In Kyoto, there are many beautiful places to visit. Almost too many for the history and religion buffs to do in a single go, to be honest. One of the most splendid sites to partake in on a clear, sunny day has to be Kinkakuji, a pavilion of gold on a still lake.
A Brief History of Kinkakuji (金閣寺)
The temple itself can be dated back to its original grounds, in the way-back times of the 1300s. It rests on the banks of the Mirror Pond, or Kyokochi. It was originally built as the final residence of retiring Shogun Ashikaga Yoshimitsu. Upon his death in the early dawn of the 1400s, the building was converted into a Zen temple. It actually has a different name the Buddhists go by, which is Rukuonji (鹿苑寺), or the Deer Garden Temple. The gold leafing has always been a part of the temple, although during times of austerity, the building went without its usual lustre and the gold chipped away.
The next big milestone wasn’t until 1950, when a young monk, suffering from mental illness, burned the temple down. It was rebuilt in 1955 and holds many Buddhist relics on the top floor of the temple. While normal visitors cannot enter, there are still some nice sights around the temple gardens you can take part in, such as an active tea house, souvenir shop, and many smaller areas where you can test your skill at throwing coins for good luck.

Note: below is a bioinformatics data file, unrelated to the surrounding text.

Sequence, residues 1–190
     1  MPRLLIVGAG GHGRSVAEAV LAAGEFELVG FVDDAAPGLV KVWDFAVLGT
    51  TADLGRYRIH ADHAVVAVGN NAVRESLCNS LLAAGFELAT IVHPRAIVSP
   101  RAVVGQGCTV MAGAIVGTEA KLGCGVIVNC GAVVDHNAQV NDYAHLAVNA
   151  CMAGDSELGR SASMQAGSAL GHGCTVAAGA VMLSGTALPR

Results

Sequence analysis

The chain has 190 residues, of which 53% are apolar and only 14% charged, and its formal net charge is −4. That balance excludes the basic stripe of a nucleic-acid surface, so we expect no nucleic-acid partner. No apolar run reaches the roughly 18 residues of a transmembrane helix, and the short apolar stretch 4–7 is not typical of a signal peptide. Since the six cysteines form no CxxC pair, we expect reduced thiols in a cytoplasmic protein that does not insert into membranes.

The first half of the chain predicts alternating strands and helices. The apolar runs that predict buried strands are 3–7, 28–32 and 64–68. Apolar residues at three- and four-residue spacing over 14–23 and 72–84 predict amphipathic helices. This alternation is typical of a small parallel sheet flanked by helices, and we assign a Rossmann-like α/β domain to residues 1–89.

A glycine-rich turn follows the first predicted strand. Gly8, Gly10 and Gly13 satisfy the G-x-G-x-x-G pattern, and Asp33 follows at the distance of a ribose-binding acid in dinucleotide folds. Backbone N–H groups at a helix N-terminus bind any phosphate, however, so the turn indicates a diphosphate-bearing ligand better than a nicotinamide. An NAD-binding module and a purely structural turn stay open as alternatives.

The temple is a very popular tourist site, with thousands of visitors heading the temple regularly. If you do go, make sure you arrive early and be courteous about photography; everyone is trying to get their picture, so make sure you are ready to go and you don’t take too long. It’s all very orderly there and everyone is on good behavior so you may wait a little while, but you will get your chance. There are many spots where you can get some excellent shots, so don’t feel discouraged if one area is packed. People usually crowd the front area where the picture below was taken, but if you walk one minute up the garden path, you can get very close for some lovely pictures as well.
If you can get there on a clear, sunny day, all the better! Seeing it sparkle in the sunlight is really something. It’s a wonderful site to see and worth the small admission fee (400 yen) to get inside.